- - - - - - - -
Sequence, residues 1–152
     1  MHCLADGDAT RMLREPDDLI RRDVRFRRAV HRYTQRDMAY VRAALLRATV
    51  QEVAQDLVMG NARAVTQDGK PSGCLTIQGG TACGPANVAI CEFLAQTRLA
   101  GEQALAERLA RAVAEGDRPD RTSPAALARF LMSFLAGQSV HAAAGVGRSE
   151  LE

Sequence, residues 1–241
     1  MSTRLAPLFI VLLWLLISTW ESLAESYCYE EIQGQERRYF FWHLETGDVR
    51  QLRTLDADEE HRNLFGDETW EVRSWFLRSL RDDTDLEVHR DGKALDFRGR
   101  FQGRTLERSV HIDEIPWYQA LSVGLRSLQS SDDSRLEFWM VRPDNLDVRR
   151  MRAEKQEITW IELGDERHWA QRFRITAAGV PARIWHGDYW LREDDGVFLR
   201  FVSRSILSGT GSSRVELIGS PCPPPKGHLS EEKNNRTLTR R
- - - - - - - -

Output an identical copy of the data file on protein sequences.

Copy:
Sequence, residues 1–152
     1  MHCLADGDAT RMLREPDDLI RRDVRFRRAV HRYTQRDMAY VRAALLRATV
    51  QEVAQDLVMG NARAVTQDGK PSGCLTIQGG TACGPANVAI CEFLAQTRLA
   101  GEQALAERLA RAVAEGDRPD RTSPAALARF LMSFLAGQSV HAAAGVGRSE
   151  LE

Sequence, residues 1–241
     1  MSTRLAPLFI VLLWLLISTW ESLAESYCYE EIQGQERRYF FWHLETGDVR
    51  QLRTLDADEE HRNLFGDETW EVRSWFLRSL RDDTDLEVHR DGKALDFRGR
   101  FQGRTLERSV HIDEIPWYQA LSVGLRSLQS SDDSRLEFWM VRPDNLDVRR
   151  MRAEKQEITW IELGDERHWA QRFRITAAGV PARIWHGDYW LREDDGVFLR
   201  FVSRSILSGT GSSRVELIGS PCPPPKGHLS EEKNNRTLTR R